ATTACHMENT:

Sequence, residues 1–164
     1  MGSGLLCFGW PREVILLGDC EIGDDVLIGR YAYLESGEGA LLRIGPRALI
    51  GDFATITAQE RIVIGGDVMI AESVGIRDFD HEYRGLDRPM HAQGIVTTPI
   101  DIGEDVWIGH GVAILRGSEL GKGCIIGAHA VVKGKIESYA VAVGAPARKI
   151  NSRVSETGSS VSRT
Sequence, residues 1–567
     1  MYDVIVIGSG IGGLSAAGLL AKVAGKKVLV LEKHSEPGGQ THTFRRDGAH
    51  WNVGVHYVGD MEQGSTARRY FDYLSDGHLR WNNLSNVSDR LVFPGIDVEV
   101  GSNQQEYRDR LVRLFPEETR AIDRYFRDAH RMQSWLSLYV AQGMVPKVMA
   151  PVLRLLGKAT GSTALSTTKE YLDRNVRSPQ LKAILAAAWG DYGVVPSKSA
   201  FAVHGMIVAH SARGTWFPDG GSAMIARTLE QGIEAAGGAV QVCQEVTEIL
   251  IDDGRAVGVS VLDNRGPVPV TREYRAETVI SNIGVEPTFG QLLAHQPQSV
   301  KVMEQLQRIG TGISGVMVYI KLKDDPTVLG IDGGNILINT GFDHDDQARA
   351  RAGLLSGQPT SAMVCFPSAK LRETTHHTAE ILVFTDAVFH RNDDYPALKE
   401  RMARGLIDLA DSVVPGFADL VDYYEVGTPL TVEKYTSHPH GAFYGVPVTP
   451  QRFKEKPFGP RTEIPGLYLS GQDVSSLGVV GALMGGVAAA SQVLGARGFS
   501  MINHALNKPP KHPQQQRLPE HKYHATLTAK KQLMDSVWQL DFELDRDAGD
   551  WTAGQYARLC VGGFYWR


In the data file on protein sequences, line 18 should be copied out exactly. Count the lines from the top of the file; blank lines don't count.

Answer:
   551  WTAGQYARLC VGGFYWR